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178 Tumor neoantigen prioritization from liquid biopsy whole exome sequencing for selected tumor-infiltrating lymphocyte therapy
  1. Urminder Singh1,
  2. Christian E Laing2,
  3. Jacob Gibson1,
  4. Anna Kluew3,
  5. Mahdi Golkaram1,
  6. Sven Bilke1,
  7. Larissa Pikor3,
  8. Nathalie Brassard4,
  9. Matthew Beatty5,
  10. Doris Wiener5,
  11. Brian Czerniecki5,
  12. Shari Pilon-Thomas6,
  13. Simon Turcotte4,
  14. Li Liu1,
  15. Stewart E Abbot3,
  16. Timothy J Langer3,
  17. Grace DeSantis1,
  18. Michael J Ciancanelli3 and
  19. Jeff H Tsai1
  1. 1Illumina, San Diego, CA, USA
  2. 2Turnstone Biologics, Carlsbad, CA, USA
  3. 3Turnstone Biologics, San Diego, CA, USA
  4. 4Université de Montréal, Montreal, QC, Canada
  5. 5Moffitt Cancer Center, Tampa, FL, USA
  6. 6H. Lee Moffitt Cancer Center and Research Institute, Tampa, FL, USA
  • Journal for ImmunoTherapy of Cancer (JITC) preprint. The copyright holder for this preprint are the authors/funders, who have granted JITC permission to display the preprint. All rights reserved. No reuse allowed without permission.


Background Adoptive cell transfer (ACT) of neoantigen-reactive tumor-infiltrating lymphocytes (TILs) is an emerging therapeutic modality for solid cancers. A growing body of clinical data in the TIL-ACT field supports the potential for the identification, selection, and expansion of tumor-reactive T cells to drive objective response in patients. We believe improvement in the method for identifying neoantigens may further increase the breadth and number of tumor-reactive T cells. Tissue biopsy based neoantigen identification can be limiting due to inter- and intra-tumoral heterogeneity and tissue access. Here, we applied whole exome DNA and RNA sequencing on patient liquid biopsy samples to assess the sensitivity of tumor variant detection and prioritization of neoantigen peptides in comparison with tissue data and to potentially improve target yield.

Methods Matched solid tissue and blood samples were collected from 10 patients (CRC, breast, melanoma, or NSCLC). For solid tissue, whole exome sequencing (WES) and transcriptome libraries were prepared using standard tissue protocols. For blood samples, cell-free DNA (cfDNA) and circulating RNA (cRNA) exome libraries were prepared using Illumina RUO library prep kit reagents. Solid tumor variant calling and neoantigen identification were performed by the Turnstone BFX-4101 platform. Liquid biopsy tumor variants and neoantigens were identified using the DRAGENTM Bio-IT platform and pVACtools suite.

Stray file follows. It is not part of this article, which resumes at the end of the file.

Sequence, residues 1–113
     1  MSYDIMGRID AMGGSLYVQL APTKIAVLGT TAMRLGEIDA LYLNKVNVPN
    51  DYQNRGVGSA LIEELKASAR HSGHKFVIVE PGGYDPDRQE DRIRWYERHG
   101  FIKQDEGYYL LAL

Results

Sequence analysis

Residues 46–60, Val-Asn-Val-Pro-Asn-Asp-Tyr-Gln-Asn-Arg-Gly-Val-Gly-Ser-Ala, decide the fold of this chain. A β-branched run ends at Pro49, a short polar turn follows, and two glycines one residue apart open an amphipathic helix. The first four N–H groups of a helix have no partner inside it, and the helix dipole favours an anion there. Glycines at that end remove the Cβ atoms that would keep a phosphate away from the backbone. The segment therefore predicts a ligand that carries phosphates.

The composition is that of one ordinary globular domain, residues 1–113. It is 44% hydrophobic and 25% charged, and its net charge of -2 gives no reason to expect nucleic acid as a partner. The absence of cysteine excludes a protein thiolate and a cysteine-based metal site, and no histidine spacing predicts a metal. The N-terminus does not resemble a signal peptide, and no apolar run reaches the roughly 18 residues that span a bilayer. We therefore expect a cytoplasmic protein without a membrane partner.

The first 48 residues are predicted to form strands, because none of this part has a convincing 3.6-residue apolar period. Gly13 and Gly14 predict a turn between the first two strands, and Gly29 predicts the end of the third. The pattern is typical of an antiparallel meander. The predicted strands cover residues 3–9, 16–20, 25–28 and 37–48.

Results Ultra-deep WES (>15,000x) of cfDNA resulted in 100% identification of known small variants at 0.5% variant allele frequency (VAF) in control samples, and >80% sensitivity for 0.2% VAF small variant detection in patient samples. Both analytical pipelines achieved 100% sensitivity on a dataset comprising experimentally determined immunogenic peptides. Concordance of somatic variant calls made between the solid and liquid biopsies ranged from 22%-88% concordance in 4 samples, while 6 samples showed no concordance. Further analysis showed a positive correlation between variant concordance and the percent tumor fraction in the liquid biopsy (from 3.6% to 0% tumor fraction in high to low concordance samples, respectively). For those samples with variant level concordance, up to 40% concordance was observed on neoepitope peptide identification between solid and liquid biopsies. In addition, the liquid biopsy data resulted in up to 29x more peptide calls than the solid tissue, suggesting the blood samples may contain unique tumor fragments not detected in solid tissue biopsy.

Conclusions Minimally invasive liquid biopsy is viable for detection of somatic variants with the potential to broaden selection of tumor-reactive TILs and improve objective response.

Acknowledgements Authors U. Singh and C. Laing contributed equally

Ethics Approval This study was approved by the Advarra IRB; IRB#00000971; IRB#21.299. Informed consent was obtained from all participants.

This is an open access article distributed in accordance with the Creative Commons Attribution Non Commercial (CC BY-NC 4.0) license, which permits others to distribute, remix, adapt, build upon this work non-commercially, and license their derivative works on different terms, provided the original work is properly cited, appropriate credit is given, any changes made indicated, and the use is non-commercial. See

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